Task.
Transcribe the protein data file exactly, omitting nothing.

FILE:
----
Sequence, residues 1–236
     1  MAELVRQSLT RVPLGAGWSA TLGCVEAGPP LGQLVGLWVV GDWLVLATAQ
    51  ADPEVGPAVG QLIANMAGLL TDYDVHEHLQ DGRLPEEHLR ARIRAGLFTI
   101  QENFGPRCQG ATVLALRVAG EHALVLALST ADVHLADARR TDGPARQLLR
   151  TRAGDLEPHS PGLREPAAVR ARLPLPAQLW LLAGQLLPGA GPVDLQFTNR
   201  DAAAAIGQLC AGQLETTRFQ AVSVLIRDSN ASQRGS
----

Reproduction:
Sequence, residues 1–236
     1  MAELVRQSLT RVPLGAGWSA TLGCVEAGPP LGQLVGLWVV GDWLVLATAQ
    51  ADPEVGPAVG QLIANMAGLL TDYDVHEHLQ DGRLPEEHLR ARIRAGLFTI
   101  QENFGPRCQG ATVLALRVAG EHALVLALST ADVHLADARR TDGPARQLLR
   151  TRAGDLEPHS PGLREPAAVR ARLPLPAQLW LLAGQLLPGA GPVDLQFTNR
   201  DAAAAIGQLC AGQLETTRFQ AVSVLIRDSN ASQRGS